The country’s most conservative circuit court of appeals issued a ruling today that will make it easier for many Texans to vote in November. As written, SB 14, the voter ID law, has been struck down. Some parts of the law may be left intact, however, after the district court judge creates a remedy in time for the November election.
On balance, however, a very strong opinion for those who believe that citizens eligible to vote should be able to vote, period.
In a long, complex ruling, the court took the following three actions:
1) The district court found that the law, SB 14, was passed with a racially discriminatory purpose. The appeals court today reverses that decision, and remands it to the district court, instructing it to reconsider the evidence. This does not mean that there cannot be a finding racially discriminatory purpose, it just means that the district court needs to consider the evidence with guidance given in this opinion on how to do so, what standards to use, and so forth.
2) The district court found that SB 14, as passed, has a racially discriminatory effect. Today’s decision affirms the district court’s ruling and remands the matter to that court for it to craft a suitable remedy, i.e. fixing the bill so it does not have a racially discriminatory effect. It cautions that the remedy must fix the discriminatory impact while respecting the legislature’s desire to protect against in-person voter fraud.
3) Finally, the plaintiffs argued that SB 14 was, in effect, a poll tax, and as such, violated the 14th and 24th amendments. The district court agreed. The appeals court vacates that decision, rendering judgment for the state on that matter and not considering the constitutional issues it raises.
From page 86 of the opinion:
In sum, the district court’s immediate responsibility is to ensure the implementation of an interim remedy for SB 14’s discriminatory effect that disrupts voter identification rules for the 2016 election season as little as possible, yet eliminates the Section 2 [of the Voting Rights Act]discriminatory effect violation. The district court will need to reexamine the discriminatory purpose claim in accordance with the proper legal standards we have described, bearing in mind the effect any interim legislative action taken with respect to SB 14 may have. The district court’s task in this respect may await the November 8, 2016 general election.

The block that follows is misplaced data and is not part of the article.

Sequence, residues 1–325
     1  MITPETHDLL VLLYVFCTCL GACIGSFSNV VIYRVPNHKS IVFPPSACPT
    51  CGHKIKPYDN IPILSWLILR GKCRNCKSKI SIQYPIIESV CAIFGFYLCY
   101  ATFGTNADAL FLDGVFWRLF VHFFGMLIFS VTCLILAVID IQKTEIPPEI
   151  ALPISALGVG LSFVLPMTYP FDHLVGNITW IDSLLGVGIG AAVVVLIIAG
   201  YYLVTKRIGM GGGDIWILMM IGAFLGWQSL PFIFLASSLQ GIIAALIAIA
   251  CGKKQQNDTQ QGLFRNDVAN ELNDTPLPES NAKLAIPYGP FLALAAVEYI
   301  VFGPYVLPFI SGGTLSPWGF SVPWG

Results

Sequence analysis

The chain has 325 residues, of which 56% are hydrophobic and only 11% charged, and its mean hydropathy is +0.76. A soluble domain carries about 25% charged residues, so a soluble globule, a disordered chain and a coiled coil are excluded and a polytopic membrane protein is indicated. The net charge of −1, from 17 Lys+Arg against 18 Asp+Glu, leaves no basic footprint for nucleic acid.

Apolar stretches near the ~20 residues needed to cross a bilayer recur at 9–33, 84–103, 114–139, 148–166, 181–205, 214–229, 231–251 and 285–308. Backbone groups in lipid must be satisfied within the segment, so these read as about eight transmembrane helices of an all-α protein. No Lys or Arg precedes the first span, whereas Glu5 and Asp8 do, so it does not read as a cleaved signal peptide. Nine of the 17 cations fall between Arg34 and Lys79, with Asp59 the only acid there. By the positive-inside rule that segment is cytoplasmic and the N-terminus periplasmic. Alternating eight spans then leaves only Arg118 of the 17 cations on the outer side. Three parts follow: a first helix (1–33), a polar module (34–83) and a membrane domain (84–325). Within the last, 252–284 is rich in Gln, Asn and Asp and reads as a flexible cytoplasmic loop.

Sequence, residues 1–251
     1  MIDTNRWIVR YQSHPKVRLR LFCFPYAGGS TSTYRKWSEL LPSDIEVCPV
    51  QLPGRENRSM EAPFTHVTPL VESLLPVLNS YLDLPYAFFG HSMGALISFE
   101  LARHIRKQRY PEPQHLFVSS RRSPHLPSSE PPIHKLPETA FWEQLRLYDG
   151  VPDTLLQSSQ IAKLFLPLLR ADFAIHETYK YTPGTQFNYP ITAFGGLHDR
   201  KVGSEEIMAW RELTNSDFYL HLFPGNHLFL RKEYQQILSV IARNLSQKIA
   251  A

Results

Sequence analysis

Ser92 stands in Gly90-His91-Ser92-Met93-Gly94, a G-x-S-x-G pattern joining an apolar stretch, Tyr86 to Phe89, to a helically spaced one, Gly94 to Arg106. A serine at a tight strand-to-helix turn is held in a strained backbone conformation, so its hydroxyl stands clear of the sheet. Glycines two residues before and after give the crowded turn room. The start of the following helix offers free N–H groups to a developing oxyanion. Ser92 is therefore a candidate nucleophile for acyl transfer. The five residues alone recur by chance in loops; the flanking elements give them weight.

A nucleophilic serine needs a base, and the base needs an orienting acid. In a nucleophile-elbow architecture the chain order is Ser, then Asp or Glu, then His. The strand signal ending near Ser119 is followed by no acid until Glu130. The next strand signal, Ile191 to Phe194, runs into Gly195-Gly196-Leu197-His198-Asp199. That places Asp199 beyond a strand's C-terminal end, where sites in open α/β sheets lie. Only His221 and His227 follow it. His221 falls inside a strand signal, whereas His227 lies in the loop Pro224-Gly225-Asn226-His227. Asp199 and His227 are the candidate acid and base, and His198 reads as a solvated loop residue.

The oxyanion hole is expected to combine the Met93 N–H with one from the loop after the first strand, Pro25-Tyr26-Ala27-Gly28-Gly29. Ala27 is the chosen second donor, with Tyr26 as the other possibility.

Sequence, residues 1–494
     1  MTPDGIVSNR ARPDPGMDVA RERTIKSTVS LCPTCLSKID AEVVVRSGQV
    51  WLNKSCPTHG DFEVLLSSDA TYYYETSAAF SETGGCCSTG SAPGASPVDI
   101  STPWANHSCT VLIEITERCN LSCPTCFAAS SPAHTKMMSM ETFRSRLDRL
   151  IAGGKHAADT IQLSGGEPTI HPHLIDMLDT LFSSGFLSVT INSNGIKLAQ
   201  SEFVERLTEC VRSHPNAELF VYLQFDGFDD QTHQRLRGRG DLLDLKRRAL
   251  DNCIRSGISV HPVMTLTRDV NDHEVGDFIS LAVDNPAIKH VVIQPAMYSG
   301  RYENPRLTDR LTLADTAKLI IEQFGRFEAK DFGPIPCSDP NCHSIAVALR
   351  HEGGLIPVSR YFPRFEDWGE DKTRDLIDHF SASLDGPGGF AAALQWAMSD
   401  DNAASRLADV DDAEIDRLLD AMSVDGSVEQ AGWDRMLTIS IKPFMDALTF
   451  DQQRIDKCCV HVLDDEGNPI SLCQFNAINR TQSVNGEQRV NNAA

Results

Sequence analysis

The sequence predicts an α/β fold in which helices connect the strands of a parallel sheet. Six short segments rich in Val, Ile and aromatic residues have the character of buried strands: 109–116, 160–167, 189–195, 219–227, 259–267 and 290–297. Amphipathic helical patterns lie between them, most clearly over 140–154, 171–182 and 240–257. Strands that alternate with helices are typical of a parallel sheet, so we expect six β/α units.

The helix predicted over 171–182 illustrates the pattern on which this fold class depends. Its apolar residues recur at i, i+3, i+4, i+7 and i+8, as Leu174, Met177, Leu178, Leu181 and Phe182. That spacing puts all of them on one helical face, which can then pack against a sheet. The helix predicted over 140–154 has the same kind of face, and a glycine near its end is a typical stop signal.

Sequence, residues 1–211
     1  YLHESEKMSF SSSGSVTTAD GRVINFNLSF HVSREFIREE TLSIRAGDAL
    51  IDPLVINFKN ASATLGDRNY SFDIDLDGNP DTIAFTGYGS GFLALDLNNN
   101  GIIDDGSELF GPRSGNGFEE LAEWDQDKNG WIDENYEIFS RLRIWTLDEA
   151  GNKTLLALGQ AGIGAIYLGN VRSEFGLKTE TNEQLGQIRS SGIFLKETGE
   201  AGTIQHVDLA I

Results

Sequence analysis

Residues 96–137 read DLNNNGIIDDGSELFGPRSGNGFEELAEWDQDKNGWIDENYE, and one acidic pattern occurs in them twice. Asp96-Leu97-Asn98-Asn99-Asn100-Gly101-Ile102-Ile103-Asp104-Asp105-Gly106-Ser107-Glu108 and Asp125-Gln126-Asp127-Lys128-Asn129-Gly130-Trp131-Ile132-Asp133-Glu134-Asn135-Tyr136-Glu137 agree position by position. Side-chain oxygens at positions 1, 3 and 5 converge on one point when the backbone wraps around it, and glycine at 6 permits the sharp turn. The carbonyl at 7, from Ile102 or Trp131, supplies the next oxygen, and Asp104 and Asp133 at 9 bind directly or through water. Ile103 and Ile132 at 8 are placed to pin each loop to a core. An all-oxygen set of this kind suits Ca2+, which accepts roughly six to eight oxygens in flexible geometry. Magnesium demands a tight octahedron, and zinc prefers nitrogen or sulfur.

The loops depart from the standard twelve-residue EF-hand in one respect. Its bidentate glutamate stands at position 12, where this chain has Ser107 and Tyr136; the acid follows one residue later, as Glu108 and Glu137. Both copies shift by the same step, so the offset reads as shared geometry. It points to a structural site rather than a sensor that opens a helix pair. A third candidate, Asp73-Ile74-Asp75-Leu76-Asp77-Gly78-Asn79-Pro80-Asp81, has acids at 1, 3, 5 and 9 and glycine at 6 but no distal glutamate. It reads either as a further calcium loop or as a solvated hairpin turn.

So, what does this mean? There’s definitely a racially discriminatory effect, and there might well be a discriminatory purpose, which the district court will decide. And, the law can’t stand as written and passed, something that needs to be fixed before anyone votes in this general election.
What about the poll tax and constitutional issues? Should we be worried about those not being resolved? No. Courts will always refuse to rule on a constitutional matter if possible—the judicial equivalent of not taking a gun to a knife fight. Given the Voting Rights Act violations, therefore, they opted not to consider the constitutional argument since they could resolve the central question of the case without doing so.
Will the State of Texas appeal to the Supreme Court?
While Greg Abbott is never one to back down from championing a lost cause (see also Ken Paxton, Greg Abbott’s support for), the fact remains that the Supreme Court has already given a strong indication that it would frown on any attempt to take action that would imperil voting rights during the November 8th election.
Will the governor call a special session?
While anything passed in a special session would likely be challenged immediately in court, and enjoined from taking effect, when it comes to political theater, you can’t rule anything out if Greg Abbott is the one making the decision. So far, however, neither Abbott nor his frenemy, Dan Patrick, have posted any defiant reactions to the decision on Facebook or Twitter.